Ironing Out Bad Credit
Unless you pay cash for your house-an unlikely situation except for those on the Forbes' list of 400 Richest Americans-you're going to need a mortgage. And to get a mortgage you're going to need a decent credit history. So, before applying for that loan, you'll want to do everything possible to get a "yes." And that involves knowing what's inside your credit report.
Perhaps you think you have an unblemished credit record-and maybe you do-but you might be surprised. Even the tiniest infraction can mess things up. Or, perhaps deep down you know you've been a little sloppy in this area-fallen behind on credit card payments, shifting balances from one card to another, or you missed a car loan payment.
Know the Score
Every parent knows their child's soccer team score blindfolded. Grandparents automatically recite grandchildrens' SAT scores. You probably even know your bowling league score for the past 12 months. But it's rare that one knows their FICO score.
The FICO score is a good place to begin your journey of cleaning up a bad credit history.
FICO stands for Fair, Issac & Co. They're the folks who created the mathematical formula used to calculate what's now commonly called the FICO score. This three-digit number, which appears on your credit report, is a big, big determinant in whether or not you get a mortgage or any other type of loan. FICO helps banks, credit card issuers, auto loan companies and other lenders decide if you're a good credit risk. It can also make a difference in the interest rate you're offered. Obviously, the higher your score, the more likely you'll land a mortgage and one with a low rate.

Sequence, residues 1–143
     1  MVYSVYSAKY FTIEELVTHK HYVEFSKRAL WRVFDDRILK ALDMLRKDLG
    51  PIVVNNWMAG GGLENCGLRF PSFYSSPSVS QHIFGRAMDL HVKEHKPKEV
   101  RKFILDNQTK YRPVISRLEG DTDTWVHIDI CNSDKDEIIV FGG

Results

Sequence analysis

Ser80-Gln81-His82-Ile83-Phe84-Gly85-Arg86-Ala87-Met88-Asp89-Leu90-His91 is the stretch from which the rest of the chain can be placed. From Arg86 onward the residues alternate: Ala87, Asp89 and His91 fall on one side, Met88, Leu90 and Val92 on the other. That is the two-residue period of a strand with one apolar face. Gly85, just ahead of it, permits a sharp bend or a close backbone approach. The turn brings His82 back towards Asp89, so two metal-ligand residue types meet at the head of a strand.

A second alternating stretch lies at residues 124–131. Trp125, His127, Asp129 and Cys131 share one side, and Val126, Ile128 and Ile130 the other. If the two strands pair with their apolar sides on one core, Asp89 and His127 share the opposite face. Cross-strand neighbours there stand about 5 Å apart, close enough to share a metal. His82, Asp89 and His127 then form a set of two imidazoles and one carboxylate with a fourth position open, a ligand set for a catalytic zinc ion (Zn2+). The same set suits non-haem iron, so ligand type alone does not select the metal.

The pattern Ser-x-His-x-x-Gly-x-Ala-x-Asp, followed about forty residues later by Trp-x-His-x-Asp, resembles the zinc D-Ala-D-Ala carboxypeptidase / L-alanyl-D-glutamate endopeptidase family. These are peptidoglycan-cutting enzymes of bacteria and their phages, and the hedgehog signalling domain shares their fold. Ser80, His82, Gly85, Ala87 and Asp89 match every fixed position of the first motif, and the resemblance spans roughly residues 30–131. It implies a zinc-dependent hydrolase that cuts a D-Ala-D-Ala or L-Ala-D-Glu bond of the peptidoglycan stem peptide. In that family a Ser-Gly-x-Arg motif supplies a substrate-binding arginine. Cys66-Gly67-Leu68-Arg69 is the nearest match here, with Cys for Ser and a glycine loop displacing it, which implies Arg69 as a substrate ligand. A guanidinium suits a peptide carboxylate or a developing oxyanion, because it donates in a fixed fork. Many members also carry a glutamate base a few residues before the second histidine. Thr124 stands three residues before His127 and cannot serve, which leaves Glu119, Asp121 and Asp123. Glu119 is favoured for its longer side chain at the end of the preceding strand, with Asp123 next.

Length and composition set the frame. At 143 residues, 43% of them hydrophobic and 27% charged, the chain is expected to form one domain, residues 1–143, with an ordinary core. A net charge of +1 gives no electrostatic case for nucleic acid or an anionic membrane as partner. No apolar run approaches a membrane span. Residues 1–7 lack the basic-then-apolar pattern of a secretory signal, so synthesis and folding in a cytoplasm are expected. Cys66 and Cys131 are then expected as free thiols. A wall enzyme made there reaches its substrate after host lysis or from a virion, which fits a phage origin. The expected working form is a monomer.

Your FICO Score---------------Interest Rate
Among the things that affect your FICO score:
Get your FICO Score and your Credit Report
Until recently, one's FICO score was a deep, dark secret, known only to the credit bureaus and lenders. Starting a couple of years ago, however, FICO scores became public-in fact you can get yours (along with your credit report) from the three major credit bureaus or directly from FICO.
The three credit bureaus charge a modest fee, typically $9-$12, for sending out reports. Spend the money and get copies from all three-each may have different data. Order your report three to six months before applying for a mortgage-you want plenty of time to correct any errors and avoid being turned down for mortgage. Being turned down also goes into your report-it's a Catch-22.
The three major credit bureaus are:
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